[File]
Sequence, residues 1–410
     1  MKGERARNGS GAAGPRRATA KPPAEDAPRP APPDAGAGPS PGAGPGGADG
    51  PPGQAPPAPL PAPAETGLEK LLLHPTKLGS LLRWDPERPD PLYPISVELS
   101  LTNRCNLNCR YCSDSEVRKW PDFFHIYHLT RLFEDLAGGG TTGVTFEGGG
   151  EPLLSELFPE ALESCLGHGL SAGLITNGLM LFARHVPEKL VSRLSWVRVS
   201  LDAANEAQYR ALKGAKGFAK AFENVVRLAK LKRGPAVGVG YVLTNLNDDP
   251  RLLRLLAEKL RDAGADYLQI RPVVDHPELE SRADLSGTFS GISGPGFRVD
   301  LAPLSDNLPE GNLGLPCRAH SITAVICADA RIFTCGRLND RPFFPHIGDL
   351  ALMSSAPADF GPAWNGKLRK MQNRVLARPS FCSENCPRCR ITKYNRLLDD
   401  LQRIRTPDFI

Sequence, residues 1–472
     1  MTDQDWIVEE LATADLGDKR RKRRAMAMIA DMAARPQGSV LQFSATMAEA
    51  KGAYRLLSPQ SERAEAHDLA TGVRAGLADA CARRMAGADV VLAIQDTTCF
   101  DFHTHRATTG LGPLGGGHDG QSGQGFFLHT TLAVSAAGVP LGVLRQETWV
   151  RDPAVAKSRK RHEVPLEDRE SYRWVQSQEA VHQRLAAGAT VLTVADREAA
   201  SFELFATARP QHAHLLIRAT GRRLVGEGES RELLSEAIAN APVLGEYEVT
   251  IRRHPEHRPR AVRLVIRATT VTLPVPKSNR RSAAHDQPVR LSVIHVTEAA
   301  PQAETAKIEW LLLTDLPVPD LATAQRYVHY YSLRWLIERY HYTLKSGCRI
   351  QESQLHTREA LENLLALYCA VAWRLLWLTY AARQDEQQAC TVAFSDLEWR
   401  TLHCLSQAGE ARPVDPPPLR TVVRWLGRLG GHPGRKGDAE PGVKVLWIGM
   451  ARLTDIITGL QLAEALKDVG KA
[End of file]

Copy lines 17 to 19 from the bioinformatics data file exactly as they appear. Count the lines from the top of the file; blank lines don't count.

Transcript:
   251  IRRHPEHRPR AVRLVIRATT VTLPVPKSNR RSAAHDQPVR LSVIHVTEAA
   301  PQAETAKIEW LLLTDLPVPD LATAQRYVHY YSLRWLIERY HYTLKSGCRI
   351  QESQLHTREA LENLLALYCA VAWRLLWLTY AARQDEQQAC TVAFSDLEWR